06 325 757    If one conducts an internet search on the topic of “p-adic numbers” (here “p” stands for prime) one will see the extent to which mathematicians care about these number systems. As I mentioned before, they seem to provide a powerful tool for analyzing multiplicative properties of numbers in basic number theory: the properties of prime numbers and prime factorizations of numbers. So many basic questions about numbers and basic arithmetic are still unanswered!

But perhaps the most surprising application of p-adic numbers I’ve seen is an application to geometry. Consider a square. It is possible to subdivide a square into $18$ triangles of equal area. It is fun to find ways to divide a square into $6$ triangles of equal area, or $14$, or $200$. But here’s the shocker.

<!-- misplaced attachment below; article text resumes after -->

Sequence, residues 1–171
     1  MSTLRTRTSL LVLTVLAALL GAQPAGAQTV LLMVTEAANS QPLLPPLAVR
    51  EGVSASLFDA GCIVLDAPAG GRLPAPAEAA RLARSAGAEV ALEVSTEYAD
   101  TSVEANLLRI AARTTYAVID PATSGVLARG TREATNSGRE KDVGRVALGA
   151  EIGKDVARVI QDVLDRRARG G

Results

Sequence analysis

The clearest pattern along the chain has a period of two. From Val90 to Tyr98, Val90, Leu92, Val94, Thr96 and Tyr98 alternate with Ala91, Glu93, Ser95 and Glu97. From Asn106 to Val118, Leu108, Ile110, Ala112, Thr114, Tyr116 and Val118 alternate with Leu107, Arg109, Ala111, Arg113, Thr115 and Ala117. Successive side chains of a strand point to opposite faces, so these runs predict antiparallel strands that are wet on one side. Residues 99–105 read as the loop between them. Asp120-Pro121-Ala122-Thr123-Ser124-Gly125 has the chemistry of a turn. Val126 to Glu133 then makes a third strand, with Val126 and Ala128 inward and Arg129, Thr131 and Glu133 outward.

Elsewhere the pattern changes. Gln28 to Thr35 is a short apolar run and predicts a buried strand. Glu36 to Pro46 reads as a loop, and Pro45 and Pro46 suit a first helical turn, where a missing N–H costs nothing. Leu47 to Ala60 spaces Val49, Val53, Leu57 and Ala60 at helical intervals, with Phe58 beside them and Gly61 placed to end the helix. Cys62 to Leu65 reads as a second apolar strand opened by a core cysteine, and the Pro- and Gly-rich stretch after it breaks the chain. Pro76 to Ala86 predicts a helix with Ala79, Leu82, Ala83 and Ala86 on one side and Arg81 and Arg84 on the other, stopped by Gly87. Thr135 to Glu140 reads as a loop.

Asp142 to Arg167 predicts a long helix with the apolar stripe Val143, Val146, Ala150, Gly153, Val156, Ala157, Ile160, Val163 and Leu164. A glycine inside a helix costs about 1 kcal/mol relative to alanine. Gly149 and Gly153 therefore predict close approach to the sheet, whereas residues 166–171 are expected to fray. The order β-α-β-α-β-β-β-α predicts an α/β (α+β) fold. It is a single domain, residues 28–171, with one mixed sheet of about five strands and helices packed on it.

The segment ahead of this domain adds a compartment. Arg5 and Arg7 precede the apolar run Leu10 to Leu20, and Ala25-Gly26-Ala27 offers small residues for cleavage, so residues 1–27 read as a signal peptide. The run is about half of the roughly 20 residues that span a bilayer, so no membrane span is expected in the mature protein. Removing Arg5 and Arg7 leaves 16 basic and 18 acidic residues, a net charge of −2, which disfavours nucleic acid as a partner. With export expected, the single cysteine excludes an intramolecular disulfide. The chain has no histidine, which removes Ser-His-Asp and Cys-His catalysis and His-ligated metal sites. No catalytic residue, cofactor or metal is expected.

It is impossible to divide a square into an odd number of triangles of equal area!

This result was proved in 1970 by mathematician Paul Monsky (“On Dividing a Square into Triangles”. The American Mathematical Monthly. 77 (2): 161–164) and he had to use the $2$-adic number system to do so!

One can avoid $2$-adic numbers if one restricts the vertices of the triangles to grid points (as for the diagram above) and my attempt of explaining the proof in this case is here. But I know of no proof of Monsky’s result for the general case without using the $2$-adic number system.

Mathematics, no matter how abstruse as it might seem, always seems to come up with surprising and unexpected applications.